She did. And so it was that she journeyed up to the farm for a weekend in which we both celebrated a reunion, as well as were reintroduced to each other: she is no longer a student to be guided into good study habits and better ways to write and think, and I am no longer a teacher invested in making every single interaction a teaching moment.

And, as I reminisce over the weekend with Rena, over the things that she remembered of her days in my classroom, and the lessons she’s carried with her all these years, I am ever so grateful that I spent my working life as a teacher, teaching about how to begin…

You Begin
Margaret Atwood

You begin this way:
this is your hand,
this is your eye,
that is a fish, blue and flat
on the paper, almost
the shape of an eye.
This is your mouth, this is an O
or a moon, whichever
you like. This is yellow.

Outside the window
is the rain, green
because it is summer, and beyond that
the trees and then the world,
which is round and has only
the colors of these nine crayons.

This is the world, which is fuller
and more difficult to learn than I have said.
You are right to smudge it that way
with the red and then
the orange: the world burns.

Once you have learned these words
you will learn that there are more
words than you can ever learn.
The word hand floats above your hand
like a small cloud over a lake.
The word hand anchors
your hand to this table,
your hand is a warm stone
I hold between two words.

This is your hand, these are my hands, this is the world,
which is round but not flat and has more colors
than we can see.

It begins, it has an end,
this is what you will
come back to, this is your hand.

Goodbye September…

September has always been my favorite month of the year. It brought a fresh new school year, and I loved the idea of a new start, and a clean slate as a mother and a teacher.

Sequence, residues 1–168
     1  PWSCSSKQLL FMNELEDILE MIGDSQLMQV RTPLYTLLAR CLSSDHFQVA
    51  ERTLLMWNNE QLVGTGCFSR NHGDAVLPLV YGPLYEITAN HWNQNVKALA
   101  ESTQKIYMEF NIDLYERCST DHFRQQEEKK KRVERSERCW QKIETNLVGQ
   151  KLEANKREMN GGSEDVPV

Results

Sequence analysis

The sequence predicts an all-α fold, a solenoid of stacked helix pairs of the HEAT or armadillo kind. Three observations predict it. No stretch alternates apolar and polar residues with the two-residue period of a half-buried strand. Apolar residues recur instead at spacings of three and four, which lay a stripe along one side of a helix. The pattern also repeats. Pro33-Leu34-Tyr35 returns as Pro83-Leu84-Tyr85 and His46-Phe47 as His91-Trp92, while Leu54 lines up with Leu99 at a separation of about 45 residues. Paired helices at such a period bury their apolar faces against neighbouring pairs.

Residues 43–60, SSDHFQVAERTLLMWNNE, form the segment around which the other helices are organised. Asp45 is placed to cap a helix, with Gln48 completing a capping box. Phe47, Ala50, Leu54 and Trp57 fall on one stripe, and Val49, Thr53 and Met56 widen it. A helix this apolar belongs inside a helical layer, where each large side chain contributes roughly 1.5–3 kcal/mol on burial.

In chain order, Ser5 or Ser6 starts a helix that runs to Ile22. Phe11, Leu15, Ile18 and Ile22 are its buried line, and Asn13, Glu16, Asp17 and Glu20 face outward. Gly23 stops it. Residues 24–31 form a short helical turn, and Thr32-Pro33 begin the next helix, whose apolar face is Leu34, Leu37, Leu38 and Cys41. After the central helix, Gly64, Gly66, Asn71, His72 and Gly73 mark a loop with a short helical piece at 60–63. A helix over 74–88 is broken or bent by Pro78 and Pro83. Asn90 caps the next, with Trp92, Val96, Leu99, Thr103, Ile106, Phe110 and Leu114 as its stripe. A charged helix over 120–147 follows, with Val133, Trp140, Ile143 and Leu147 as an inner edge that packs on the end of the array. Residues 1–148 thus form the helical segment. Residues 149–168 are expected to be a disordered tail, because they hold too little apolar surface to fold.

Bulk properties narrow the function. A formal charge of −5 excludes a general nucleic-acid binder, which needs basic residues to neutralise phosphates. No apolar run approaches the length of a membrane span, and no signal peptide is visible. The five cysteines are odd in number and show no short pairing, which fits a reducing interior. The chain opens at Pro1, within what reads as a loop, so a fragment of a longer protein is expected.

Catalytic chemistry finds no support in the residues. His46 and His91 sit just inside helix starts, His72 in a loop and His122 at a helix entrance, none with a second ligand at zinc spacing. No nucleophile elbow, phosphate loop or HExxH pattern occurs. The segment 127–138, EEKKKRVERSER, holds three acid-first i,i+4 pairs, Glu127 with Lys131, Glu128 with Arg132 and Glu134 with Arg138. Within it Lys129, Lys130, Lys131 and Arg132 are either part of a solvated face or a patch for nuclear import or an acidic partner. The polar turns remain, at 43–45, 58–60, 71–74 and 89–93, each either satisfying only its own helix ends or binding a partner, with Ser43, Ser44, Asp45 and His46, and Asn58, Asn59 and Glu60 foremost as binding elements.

And September at the farm, generally, been a good month, too. It’s meant for final harvests from our gardens as well as from those farms around us, canning season to preserve the goodness of all those summer gifts, and the slow tidying up of the garden and its pots of this and that.

This September, it has been all about containing Bowie in the house and on the leash as she continues to heal from her acl surgery. Although we won’t know for another week for sure, it seems as though Bowie has mended well and wants to be done with her recovering patient status. Taking her on walks these days has become treacherous, as any passing car or squirrel must be chased right away…and at top speed. All that leash walking training I put so much time into has gone the way of sultry summer days, she’s feeling good and wants to show it. September has been a frustrating month for Bowie, and a therefore a challenging one for me. Bring on October, and a return to normality at the farm – which means a Bowie back barnside with her big pastures and flock of sheep.

A muddled season…

It’s been a muddled Summer, taken up largely by Bowie’s ACL injury. First, we had to keep her to ”minimal activity” until surgery (no easy task), and then we had to restrict her even further to “only leash walks and sleeping confined to a small space” (an even more difficult endeavor). As a result, I gardened less, spent less time with my sheep, and rushed through barnyard and pasture chores. Soon (October 10th.), we will find out if the surgery was successful, and if normal routines can begin again.

I took Bowie to her Friday appointment for acupuncture and laser therapy yesterday morning, undertaken to hasten her recovery, and was reassured that her vet predicts that the surgeon will have good news for us come October 10th. Fingers crossed.